WASHINGTON — With last-minute efforts to avert a government shutdown in disarray, the White House suggested Thursday that President Donald Trump is not onboard with a critical spending agreement because it lacks billions of dollars for "steel slats or a wall" at the Mexican border.
Trump himself lashed out at Republican leaders on Twitter after speaking by telephone with GOP House Speaker Paul Ryan. Then Trump's press secretary issued a statement saying the president "does not want to go further without border security," including money for the wall.
Trump, who has faced rare, bitter criticism from some fellow Republicans over the past day for "caving" on wall funding, was to meet with House GOP members at midday and "is continuing to weigh his options," the White House statement said.
As House Republicans struggled to find the votes to pass the legislation ahead of a midnight Friday deadline, Trump started blaming GOP leaders for failing to deliver on the $5 billion he had demanded for the wall. Ryan had promised a "big fight" after the midterm elections, but as Republicans lost House control, negotiations over the year-end spending bill have largely been between Trump and Democrats.
"I was promised the Wall and Border Security by leadership," Trump tweeted shortly after calling Ryan during a morning meeting of House Republicans. "Would be done by end of year (NOW). It didn't happen! We foolishly fight for Border Security for other countries - but not for our beloved U.S.A. Not good!"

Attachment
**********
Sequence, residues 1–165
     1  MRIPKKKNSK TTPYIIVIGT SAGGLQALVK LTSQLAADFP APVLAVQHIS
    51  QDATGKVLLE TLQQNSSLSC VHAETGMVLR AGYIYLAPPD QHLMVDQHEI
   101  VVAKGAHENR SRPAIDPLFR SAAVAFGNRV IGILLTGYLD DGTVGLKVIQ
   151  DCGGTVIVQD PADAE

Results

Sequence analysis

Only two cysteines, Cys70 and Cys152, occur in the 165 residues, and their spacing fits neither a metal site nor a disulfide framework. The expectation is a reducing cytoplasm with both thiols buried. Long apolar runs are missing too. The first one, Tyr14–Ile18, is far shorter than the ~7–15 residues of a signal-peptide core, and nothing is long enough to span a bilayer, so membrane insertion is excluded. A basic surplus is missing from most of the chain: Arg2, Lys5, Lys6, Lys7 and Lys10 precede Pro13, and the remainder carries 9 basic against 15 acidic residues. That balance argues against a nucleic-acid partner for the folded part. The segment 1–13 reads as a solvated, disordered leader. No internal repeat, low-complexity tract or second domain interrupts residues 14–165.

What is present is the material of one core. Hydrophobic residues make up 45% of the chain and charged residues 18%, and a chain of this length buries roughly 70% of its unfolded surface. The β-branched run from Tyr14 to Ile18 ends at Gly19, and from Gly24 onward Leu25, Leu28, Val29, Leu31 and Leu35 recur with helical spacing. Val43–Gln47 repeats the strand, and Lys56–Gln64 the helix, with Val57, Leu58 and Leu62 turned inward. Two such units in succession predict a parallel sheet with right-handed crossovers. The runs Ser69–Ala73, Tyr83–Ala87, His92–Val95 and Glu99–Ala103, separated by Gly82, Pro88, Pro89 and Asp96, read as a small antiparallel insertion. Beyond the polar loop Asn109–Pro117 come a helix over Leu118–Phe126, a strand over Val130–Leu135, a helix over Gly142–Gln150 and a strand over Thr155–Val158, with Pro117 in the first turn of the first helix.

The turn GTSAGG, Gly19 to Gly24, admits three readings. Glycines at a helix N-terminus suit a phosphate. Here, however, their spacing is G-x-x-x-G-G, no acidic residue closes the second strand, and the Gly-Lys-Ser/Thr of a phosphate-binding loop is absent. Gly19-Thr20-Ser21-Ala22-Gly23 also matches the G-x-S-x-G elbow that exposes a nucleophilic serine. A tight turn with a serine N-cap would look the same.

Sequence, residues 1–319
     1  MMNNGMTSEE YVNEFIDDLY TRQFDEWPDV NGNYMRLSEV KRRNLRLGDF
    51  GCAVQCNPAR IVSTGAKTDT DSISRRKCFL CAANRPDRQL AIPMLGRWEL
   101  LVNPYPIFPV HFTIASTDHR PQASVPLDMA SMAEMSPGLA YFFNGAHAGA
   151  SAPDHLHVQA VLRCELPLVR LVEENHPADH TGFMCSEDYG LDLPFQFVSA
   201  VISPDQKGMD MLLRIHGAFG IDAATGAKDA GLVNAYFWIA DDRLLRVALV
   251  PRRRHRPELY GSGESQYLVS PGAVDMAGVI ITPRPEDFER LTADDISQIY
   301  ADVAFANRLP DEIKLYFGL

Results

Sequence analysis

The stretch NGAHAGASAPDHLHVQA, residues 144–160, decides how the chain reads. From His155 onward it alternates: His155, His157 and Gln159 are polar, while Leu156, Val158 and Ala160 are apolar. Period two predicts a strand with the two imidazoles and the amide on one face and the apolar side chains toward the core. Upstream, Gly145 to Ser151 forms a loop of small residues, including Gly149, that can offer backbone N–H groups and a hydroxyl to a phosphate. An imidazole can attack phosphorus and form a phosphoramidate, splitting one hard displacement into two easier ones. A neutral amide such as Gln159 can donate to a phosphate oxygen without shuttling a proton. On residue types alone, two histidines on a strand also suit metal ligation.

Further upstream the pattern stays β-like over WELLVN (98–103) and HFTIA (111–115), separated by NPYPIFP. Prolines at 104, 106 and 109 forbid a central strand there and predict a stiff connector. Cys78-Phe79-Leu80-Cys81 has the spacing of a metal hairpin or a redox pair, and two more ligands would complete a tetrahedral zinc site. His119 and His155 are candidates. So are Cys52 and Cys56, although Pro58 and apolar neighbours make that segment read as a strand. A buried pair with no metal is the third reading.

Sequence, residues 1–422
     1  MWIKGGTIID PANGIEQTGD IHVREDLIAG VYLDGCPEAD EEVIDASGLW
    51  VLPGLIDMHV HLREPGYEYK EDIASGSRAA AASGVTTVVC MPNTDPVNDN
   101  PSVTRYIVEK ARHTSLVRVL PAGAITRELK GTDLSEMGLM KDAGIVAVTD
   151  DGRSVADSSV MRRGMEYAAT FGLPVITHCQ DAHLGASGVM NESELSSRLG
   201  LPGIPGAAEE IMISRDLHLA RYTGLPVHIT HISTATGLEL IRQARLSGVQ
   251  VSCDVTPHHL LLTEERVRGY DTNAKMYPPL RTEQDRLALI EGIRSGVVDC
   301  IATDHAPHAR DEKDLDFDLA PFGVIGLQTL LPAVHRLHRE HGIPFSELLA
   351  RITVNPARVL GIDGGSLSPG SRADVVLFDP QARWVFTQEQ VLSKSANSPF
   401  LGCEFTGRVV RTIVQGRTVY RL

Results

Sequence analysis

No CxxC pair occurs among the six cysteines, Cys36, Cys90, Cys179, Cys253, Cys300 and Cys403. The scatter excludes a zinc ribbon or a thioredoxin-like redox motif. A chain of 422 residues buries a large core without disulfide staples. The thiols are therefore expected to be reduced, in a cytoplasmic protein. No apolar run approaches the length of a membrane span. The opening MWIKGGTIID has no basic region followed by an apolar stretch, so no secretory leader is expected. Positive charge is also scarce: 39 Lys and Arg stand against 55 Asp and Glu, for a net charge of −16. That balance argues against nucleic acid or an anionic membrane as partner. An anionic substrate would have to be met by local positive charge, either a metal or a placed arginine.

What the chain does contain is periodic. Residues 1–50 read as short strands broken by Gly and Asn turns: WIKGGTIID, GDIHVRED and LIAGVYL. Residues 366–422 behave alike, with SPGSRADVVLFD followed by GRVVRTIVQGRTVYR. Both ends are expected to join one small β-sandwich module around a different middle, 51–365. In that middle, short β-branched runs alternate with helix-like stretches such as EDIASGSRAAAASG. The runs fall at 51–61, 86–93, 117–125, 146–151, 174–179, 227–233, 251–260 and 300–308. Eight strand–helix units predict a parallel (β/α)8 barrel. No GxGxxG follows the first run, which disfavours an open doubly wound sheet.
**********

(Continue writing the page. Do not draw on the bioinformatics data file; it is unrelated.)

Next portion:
The day's schedule was thrown into chaos. A morning press conference of GOP leaders was abruptly canceled as lawmakers filed out of a basement meeting to head to the floor for other matters. Voting was not set.
"Republicans are in a state of disarray," said House Democratic Minority Leader Nancy Pelosi, who is poised to become speaker when Democrats take control Jan. 3. "Wall funding is a non-starter."
The temporary funding bill would keep government running to Feb. 8, but some House Republicans say it's better to fight for the border wall now, before they relinquish their majority to Democrats in the new year. Facing enormous criticism from high-profile conservative media figures, they don't want to leave town without one last fight over the border wall.
Rep. Warren Davidson, an Ohio Republican and House Freedom Caucus member, said some Republicans want to "continue to fight for wins we promised the American people we would get."
"I don't know anybody that's ready to vote for this," he said.
Members of the hard-right Freedom Caucus have been urging Trump to insist on money for the border wall with Mexico. Rep. Mark Meadows, R-N.C., a leader of the group, said Trump should veto the funding bill if it passes.
"I'm not afraid of losing the vote, but I am afraid of not fighting," said Rep. Roger Williams, R-Texas. "That's how this president got in. We want a secure border. It's not the time to quit."
Without a deal, more than 800,000 federal workers would face furloughs or be forced to work without pay, disrupting government operations days before Christmas.
Trump has not indicated whether he would sign or veto the legislation if it is approved. With Pelosi's backing the bill likely has enough support to pass with votes mostly from Democratic lawmakers, who are still the minority, and some Republicans.